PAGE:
Gardening Articles: Landscaping :: Yard & Garden Planning

Getting Started With Tulips

by Michael MacCaskey


No other flower heralds spring like a tulip, especially after months of dreary, not to mention cold and snowy, weather. Like a river of clear, cool water on a hot summer day, my mind's eye feasts on the color and shape of tulips in early spring. If, like me, you need to see tulips bloom at winter's end, now is the time to buy bulbs and get them planted. Tulips are fun and enormously satisfying. To grow them, no expert's touch is required, and you don't need a large garden.

This article is for those of you who haven't had much experience with tulips or would appreciate a refresher. I hope it also offers a bit of inspiration. There is some basic how-to and a chart of the 14 types of tulips with some of the best varieties of each. A sense of these types and their characteristics goes a long way toward simplifying catalog and nursery shopping. And to make your planning even easier, I've listed some of the best combinations of tulips, as well as tulips to combine with annuals, perennials and other bulbs, so that you can make artful displays of complementary colors and bloom seasons.

Buying and Planting Tulips

Buying and Planting Tulips
Most tulip bulbs are 1 1/2 inches in diameter.

Start by purchasing quality bulbs from a mail-order supplier or from a well-stocked garden center. The bulb exporting business in Holland is tightly regulated, so only top-quality bulbs are shipped. For most varieties, this means bulbs that are about 1 1/2 inches in diameter or 12 centimeters in circumference. Bulbs of some species tulips are much smaller. Choose bulbs that are firm and free of defects such as cuts, bruises or white mold. Expect to pay between 30 and 70 cents per bulb, depending on the season, the variety and the dealer. Generally, the earlier you order or the more you buy, the cheaper the bulbs.

Tulips like cold winters, so they're more challenging in the mild-winter West and South. In these regions, choose varieties that are proven in warm climates, usually the mid- to late-season bloomers such as the Darwin Hybrids and most of the late tulips do well. Likewise, in Gulf Coast regions, I'm told that the Darwin Hybrids are most reliable. Reasons? Their stocky stems are fairly tolerant of wind and rain, and the midseason blooms usually appear before the worst spring weather.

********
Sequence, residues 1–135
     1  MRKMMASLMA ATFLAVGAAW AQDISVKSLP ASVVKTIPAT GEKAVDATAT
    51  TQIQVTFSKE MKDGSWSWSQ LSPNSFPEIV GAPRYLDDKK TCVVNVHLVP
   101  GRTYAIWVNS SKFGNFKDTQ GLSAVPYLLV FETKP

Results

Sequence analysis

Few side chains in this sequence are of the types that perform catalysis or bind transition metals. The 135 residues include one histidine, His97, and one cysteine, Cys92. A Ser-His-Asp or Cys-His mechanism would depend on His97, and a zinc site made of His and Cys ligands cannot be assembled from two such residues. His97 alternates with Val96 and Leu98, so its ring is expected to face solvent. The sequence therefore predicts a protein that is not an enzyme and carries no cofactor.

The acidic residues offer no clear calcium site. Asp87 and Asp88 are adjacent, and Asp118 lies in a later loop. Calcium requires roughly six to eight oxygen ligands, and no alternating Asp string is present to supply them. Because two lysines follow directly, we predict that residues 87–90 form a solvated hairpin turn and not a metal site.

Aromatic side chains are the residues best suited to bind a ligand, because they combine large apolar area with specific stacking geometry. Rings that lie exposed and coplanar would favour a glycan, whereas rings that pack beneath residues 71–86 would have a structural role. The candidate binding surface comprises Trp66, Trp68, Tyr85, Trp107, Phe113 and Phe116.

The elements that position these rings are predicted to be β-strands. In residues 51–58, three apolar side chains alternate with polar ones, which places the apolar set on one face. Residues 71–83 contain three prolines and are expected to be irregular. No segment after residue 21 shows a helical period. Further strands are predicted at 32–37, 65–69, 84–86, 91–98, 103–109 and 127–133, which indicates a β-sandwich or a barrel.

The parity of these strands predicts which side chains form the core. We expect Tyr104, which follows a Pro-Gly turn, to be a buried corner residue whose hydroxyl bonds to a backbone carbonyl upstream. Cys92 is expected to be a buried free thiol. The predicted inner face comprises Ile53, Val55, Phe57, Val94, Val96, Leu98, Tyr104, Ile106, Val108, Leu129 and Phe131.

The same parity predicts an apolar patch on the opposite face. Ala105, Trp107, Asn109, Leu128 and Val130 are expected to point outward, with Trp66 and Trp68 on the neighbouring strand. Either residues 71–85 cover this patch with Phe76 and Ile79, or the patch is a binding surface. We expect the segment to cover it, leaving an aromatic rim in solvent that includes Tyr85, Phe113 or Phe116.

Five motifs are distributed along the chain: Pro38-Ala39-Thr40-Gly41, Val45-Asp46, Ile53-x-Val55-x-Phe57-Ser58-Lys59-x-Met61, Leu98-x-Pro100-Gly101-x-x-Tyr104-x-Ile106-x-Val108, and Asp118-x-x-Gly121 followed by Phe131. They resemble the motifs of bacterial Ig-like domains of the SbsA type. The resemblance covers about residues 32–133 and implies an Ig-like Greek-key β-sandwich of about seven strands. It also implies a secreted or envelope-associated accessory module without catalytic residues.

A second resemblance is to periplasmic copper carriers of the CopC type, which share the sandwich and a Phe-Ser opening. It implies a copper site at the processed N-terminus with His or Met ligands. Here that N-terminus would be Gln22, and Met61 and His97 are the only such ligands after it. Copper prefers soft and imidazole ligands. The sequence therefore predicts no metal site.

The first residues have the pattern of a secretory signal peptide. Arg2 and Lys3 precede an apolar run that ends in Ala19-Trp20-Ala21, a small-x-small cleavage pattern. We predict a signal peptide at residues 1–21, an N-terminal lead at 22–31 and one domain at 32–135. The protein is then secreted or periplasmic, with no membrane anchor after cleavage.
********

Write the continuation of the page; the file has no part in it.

When to Plant

Plant tulips anytime the soil six inches deep is 60 degrees F. or colder. In the North and Midwest, this means September or October. Wait a month, then lightly mulch the planted area. This will give the bulbs time to break dormancy and begin growth before the soil freezes. The mulch protects them if snow cover is light or nonexistent before severe cold.

In the South and West, plant tulips during November and December. In the Deep South and Southwest, wait until after Christmas, when the soil is coldest, and plant deeply--to eight inches or more. Deep planting minimizes the superficial temperature fluctuations that occur closer to the surface.

If you live in zones 8 or 9, you'll need to chill the bulbs in your refrigerator crisper for at least eight weeks before planting. In the South, for instance, you'd buy bulbs in early November and plant in early January. Place them in a vented paper bag and away from ripening fruits that produce ethylene gas, which destroys the bud within the bulb. Chilling is not necessary for gardeners who live in zones 3 to 7.

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